TECH

Can 14-year-olds hack email? My 14-year-old sons say, you bet!

Sneak peek at Sean Hannity's exclusive interview with WikiLeaks founder; watch part 1 of the full sitdown on Tuesday night at 10 p.m. ET

 

Julian Assange told Sean Hannity this week that “a 14-year-old boy” could have hacked John Podesta’s emails.

It just so happens I live with two 14-year-old boys, my sons.  Both are extremely tech savvy, unlike Dad.  So I thought I’d ask their opinion about Assange’s assertion.

First, their bona fides.

At 10, they created YouTube videos teaching how to use Rainbow Loom, a popular toy for kids that age. 

They attracted half a million views and earned $450 from Google AdWords.

My wife and I tried to get them to do household chores for allowance money.

“We have our own money,” they told us.

More recently, they create and produce MaddenMobile and NBA Live videos for EA.com, the online gaming company.

EA.com actually flew them to their developer’s conference in Orlando this past summer.  They were the only kids that age at the event.

The boys also participated in the “12 Days Of Hoopin’” promotion EA did this past December.

One of them is redesigning my website and the other does video editing for clients of my business.

So let us stipulate that these boys are capable of answering my question about Assange.

“We hack stuff,” one son said (his name is omitted for legal reasons). “Just games, though.  Not email.”

“There are definitely teens who could hack into email,” his brother assured me.  “It’s not that hard.”

“It’s hard,” said the first, “but there are kids who could do it.”

“Phishing can look real,” said his brother.  “You have to be careful who you give your password to.  Did the guy give someone his password?”

I said I didn’t know, but there were reports that Podesta had actually used the word “password” as his password.

Both boys shook their heads disdainfully.

“Nobody’s that dumb,” one said.

I then mentioned that Huma Abedin had emailed Hillary’s iPad password, in its entirety.

The boys winced.

“A kid would never do that,” the other boy told me.

So how do you keep your email from getting hacked, I asked.

“There’s a program that automatically changes your password every five minutes,” the first boy said.  “It’s a pain because you keep having to log in with a new, totally random password.  But you’re secure.”

His brother nodded.  “There’s another program,” he said, “that lets you try 1,000 passwords at a time if you’re trying to get into someone’s email account.  Eventually you’ll get in.”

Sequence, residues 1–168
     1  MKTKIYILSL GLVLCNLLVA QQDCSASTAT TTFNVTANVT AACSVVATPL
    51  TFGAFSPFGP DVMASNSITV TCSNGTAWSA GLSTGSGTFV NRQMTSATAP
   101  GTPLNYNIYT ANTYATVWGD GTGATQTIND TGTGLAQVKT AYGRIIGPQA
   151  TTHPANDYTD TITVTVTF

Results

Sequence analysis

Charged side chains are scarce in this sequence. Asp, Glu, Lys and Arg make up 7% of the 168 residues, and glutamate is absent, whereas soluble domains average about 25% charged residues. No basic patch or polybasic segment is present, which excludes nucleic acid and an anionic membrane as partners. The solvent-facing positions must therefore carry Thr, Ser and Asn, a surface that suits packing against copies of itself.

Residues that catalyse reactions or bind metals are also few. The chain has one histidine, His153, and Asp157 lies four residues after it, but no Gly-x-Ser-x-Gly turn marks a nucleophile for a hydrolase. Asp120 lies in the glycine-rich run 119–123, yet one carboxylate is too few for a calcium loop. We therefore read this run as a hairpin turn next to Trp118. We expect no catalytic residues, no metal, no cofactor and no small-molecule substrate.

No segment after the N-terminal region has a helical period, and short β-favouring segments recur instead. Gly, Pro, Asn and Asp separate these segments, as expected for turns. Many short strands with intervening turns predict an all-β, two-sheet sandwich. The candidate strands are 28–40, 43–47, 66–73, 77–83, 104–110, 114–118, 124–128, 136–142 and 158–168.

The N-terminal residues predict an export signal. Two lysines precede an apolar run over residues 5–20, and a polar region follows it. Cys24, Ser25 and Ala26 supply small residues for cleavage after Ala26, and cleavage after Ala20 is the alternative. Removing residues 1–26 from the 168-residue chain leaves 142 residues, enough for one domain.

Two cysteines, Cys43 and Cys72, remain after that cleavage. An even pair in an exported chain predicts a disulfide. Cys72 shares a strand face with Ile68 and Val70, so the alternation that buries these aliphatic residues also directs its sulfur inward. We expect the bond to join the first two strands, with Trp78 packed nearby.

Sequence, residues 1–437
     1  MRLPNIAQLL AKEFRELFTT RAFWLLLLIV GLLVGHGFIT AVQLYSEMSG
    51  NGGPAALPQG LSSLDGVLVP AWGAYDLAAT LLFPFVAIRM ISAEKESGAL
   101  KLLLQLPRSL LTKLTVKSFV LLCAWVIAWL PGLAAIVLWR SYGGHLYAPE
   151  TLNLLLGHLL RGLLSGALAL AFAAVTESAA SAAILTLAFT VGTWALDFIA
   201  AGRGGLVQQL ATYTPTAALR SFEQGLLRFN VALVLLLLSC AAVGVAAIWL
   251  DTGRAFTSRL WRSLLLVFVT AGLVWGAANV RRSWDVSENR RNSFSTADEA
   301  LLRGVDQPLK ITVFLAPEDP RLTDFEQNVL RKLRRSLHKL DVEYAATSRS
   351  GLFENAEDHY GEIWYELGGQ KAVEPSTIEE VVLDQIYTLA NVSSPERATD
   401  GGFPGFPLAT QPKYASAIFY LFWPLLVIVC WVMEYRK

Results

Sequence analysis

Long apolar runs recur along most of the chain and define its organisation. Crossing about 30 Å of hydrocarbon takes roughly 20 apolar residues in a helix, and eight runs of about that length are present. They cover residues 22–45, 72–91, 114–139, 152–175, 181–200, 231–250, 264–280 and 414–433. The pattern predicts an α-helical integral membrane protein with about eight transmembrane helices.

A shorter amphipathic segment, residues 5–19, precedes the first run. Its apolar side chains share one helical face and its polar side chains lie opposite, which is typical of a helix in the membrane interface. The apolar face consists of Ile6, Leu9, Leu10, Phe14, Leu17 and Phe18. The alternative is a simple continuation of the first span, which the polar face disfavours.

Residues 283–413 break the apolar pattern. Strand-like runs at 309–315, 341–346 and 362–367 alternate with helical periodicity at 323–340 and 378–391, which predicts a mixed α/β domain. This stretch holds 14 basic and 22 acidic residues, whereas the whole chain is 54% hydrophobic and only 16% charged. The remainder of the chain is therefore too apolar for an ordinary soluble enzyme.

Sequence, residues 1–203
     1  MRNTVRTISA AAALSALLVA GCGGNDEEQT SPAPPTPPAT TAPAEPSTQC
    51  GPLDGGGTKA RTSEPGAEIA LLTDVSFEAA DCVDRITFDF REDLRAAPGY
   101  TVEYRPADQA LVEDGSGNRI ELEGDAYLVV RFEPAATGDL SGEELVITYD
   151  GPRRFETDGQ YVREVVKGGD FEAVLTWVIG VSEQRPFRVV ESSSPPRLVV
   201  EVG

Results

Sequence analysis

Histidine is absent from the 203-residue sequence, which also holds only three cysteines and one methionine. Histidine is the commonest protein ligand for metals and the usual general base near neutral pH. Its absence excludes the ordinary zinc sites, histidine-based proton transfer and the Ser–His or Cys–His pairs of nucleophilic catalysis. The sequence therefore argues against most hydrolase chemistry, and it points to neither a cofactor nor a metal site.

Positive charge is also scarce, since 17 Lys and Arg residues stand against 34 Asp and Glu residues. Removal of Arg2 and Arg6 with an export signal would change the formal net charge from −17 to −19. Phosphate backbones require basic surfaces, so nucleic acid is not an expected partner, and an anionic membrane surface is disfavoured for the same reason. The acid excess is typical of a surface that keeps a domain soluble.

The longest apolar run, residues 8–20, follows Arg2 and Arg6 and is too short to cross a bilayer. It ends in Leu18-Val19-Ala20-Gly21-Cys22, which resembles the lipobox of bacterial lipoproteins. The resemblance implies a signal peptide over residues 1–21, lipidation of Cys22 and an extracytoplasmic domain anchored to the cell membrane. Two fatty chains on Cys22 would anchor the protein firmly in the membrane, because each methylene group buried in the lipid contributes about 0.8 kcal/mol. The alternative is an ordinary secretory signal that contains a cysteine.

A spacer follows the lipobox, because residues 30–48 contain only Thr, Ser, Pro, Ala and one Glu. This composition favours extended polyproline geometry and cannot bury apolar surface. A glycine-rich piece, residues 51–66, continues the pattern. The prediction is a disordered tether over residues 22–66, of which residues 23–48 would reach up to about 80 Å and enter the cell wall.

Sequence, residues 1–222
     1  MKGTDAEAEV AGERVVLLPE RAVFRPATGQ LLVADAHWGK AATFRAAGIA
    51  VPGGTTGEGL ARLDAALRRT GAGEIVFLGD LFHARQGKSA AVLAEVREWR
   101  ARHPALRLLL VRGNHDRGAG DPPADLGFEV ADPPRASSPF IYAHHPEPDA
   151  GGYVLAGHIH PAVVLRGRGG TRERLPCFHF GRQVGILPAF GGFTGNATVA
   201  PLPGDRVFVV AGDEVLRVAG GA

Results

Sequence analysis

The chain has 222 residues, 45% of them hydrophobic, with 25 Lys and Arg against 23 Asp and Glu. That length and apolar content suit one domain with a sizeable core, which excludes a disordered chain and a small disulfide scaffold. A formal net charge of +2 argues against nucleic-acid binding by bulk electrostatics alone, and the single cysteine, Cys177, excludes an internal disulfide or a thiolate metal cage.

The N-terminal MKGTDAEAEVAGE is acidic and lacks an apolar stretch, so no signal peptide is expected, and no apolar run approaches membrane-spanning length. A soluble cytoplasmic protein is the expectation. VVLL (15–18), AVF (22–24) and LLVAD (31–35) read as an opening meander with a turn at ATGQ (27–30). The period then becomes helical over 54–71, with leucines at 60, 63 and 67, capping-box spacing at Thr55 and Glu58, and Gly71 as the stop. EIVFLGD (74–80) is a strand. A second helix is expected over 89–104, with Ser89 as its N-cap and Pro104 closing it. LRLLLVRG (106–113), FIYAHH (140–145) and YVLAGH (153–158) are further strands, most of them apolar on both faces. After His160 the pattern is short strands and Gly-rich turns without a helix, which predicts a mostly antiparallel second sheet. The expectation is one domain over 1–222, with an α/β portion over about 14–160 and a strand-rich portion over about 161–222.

“That’s right,” said the first one.  “So a 14-year-old could definitely hack into someone’s email.  Either by phishing or with that program or some other way.”

“We would never do it,” they chorused, as if they thought my line of questioning was intended to catch them as the actual sources of the Podesta emails (which they are not).

“But people our age could.”

With that, the boys grew tired of the conversation and returned to their laptops, where they mostly watch YouTube videos when they aren’t creating their own stuff.

So Assange is right, ladies and gentlemen.

The question I ask myself is this:  weren’t Podesta and the Democrats aware of the embarrassment caused by the Sony hack two years earlier?

Hackers released a cascade of corporate email disparaging the character of the stars, of Sony executives, even of President Obama.

The lesson I took from the Sony fiasco – actually, it’s something I’ve always tried to live by – is that if you don’t want other people to know something, don’t put it in an email.

You don’t have to have your stuff hacked to be humiliated.  You just have to have it forwarded.

So if Hillary and Company read the paper and knew about the Sony hack, did they think they could disparage their donors, their team members, and everyone else and somehow think that stuff would never, ever come to light?

Wouldn’t somebody with a book deal and a bad attitude want to publicize those emails?

Or some disgruntled staff member?

Or Wikileaks?

The President-elect famously eschews email, for these very reasons.

He tweets a lot, but the whole thing with tweeting is that you want people to see your stuff.

Take it from my kids.  Your email is vulnerable, no matter what you do.  So stop worrying about security because ultimately, the only security you can have is the knowledge that you didn’t put anything scurrilous or embarrassing into an email in the first place.

And then if you do get hacked, you have nothing to hide.

If the Democrats had kept that in mind, they might have won.

New York Times best-selling author and Shark Tank entrepreneur Michael Levin runs BusinessGhost.com, a national book ghostwriting firm.

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